By Elaine Liner
By Jim Schutze
By Rachel Watts
By Lauren Drewes Daniels
By Anna Merlan
By Lee Escobedo
Lovechild doesn't really want to be a 2 1/2-hour two-act stage play anyway. It wants to be a 96-minute indie movie shot on video, starring Janeane Garofalo, Brendan Fraser and a few big-sky stretches of highway between L.A. and Oklahoma. The characters in Lovechild are as shallow and cliché as they come. The play's dozens of scenes sound teleplay-length, many with just a few lines of dialogue. Locations jump from a motel lobby to a cafe to a guy driving a huge piece of farm machinery down the interstate and back again. Flashbacks and monologues abound (in plays like these, everybody kicks down the fourth wall), and a couple of ghosts walk among the living. Perhaps this has ended up as a theater piece because there's not quite enough conflict or originality in the story to make it a marketable movie. I'd bet money Owens entered it in Project Greenlight.
Redolent of the writings of Tom Robbins, David Sedaris, Dave Eggers, Jonathan Franzen and Andre Codrescu, Lovechild sends its title character (played by Stephanie Young), a cynical woman on the other side of 30, on a cross-country jaunt to take her dead mother's ashes back to the motel outside Tulsa where the daughter was born. Along the way, Tulsa Lovechild (her parents were '60s hippies) attracts oddballs the way a cotton sock finds cockleburs: a B-actor named Ed Caribou (Mark Nutter) on the lam from his lousy TV series; a gun-wielding Nebraska beauty queen (Andra Laine) and her knucklehead boyfriend Clyde (Erik Knapp); and a pair of adult conjoined twins (Linda Comess, Summer Selby) running from a religious cult leader named Reverend Melvin (Halim Jabbour). All end up at Bob's Motel, Bob being a Russian émigré (Scott Latham) who was present at Tulsa's birth in 1968.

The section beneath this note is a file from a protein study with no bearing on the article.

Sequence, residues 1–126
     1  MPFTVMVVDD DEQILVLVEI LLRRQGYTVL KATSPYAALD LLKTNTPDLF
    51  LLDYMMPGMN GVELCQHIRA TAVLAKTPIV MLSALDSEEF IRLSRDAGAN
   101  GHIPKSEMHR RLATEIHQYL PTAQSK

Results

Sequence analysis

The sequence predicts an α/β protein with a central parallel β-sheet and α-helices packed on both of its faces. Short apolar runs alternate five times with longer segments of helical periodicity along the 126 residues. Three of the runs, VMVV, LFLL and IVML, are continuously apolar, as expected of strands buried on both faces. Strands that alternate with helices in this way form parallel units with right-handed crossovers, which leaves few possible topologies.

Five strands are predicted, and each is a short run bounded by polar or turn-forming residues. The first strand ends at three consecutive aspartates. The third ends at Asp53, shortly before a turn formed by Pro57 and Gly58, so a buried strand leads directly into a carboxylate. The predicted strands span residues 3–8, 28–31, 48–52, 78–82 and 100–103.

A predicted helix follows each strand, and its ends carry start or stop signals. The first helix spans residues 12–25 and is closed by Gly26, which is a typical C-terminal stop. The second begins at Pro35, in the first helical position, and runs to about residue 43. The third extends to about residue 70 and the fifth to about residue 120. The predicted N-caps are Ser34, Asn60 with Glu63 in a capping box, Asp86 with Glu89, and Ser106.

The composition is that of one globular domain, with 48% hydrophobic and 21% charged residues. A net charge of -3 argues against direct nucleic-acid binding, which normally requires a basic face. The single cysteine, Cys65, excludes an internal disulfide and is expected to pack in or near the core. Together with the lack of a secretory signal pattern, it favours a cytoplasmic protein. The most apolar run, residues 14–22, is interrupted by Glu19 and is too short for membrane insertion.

On the screen, all this would flip by in briskly edited collages of quirky characters and sunlit setups. But this is live theater, where jump-cuts are impossible, so any hints of comic timing in Lovechild go toes-up as the audience endures clunky set changes between all those short scenes. In the dark we hear noisy rumblings of set pieces and the scuttlings of actors on and off the small CTD stage. Lights come up, a couple of characters say a few goofy things, then blackout and another long set switch. The interruptions start to feel so much like commercial breaks, the audience stares up at the overhead screen expecting to see ads for Jared from Subway or the purple pill called Nexium.
Scenic designer Randel Wright has done a masterful job with his sliding jigsaw puzzle set for Lovechild, a series of tall, movable panels sporting photorealistic cloud-pocked skies and flat horizons. The too-murky lighting by Jason Foster hardly does it justice. But no matter how clever its set, in a theater Lovechild loses the essence of what it really is. Crammed onto a stage, it's nothing but a misplaced road picture acted out in cardboard cars that remain stationary against painted flats. (Love that giant fake tractor, though.)
Wright's set turns out to be far more memorable than the play's title character, Tulsa Lovechild. She is in nearly every scene, and her rhythms set the pace of the evening, yet she's not the most interesting person in the play (that would be Ed Caribou). It's doubly disappointing to find Stephanie Young, pretty good in two previous roles at CTD, sleepwalking as Tulsa. When she's not looking bored and exhausted, Young is slouchy and grim-faced, doing the tough, political Janeane Garofalo we've come to dislike instead of the bittersweet comic heroine from The Truth About Cats and Dogs. We find no reason to embrace Young's Tulsa or to care about her quest to find peace. That makes it hard to stay interested in her as the scenes pile up. She also has just one half-funny line: "Tulsa...that spells 'a slut' backwards."
There's not a surfeit of outstanding acting in Lovechild, but Mark Nutter gives Ed, the lunky actor character, some lively sparks of energy and a nice jolt of pure-vanilla sex appeal. Scott Latham is OK as Bob, the Russian motel owner who serves as narrator for the play, but the guttural Codrescu accent he adopts grows annoying by the second hour. Knapp and Laine earn a few chuckles as the farmer and the beauty queen, overacting the hick stuff so wildly they seem headed for Hazzard County.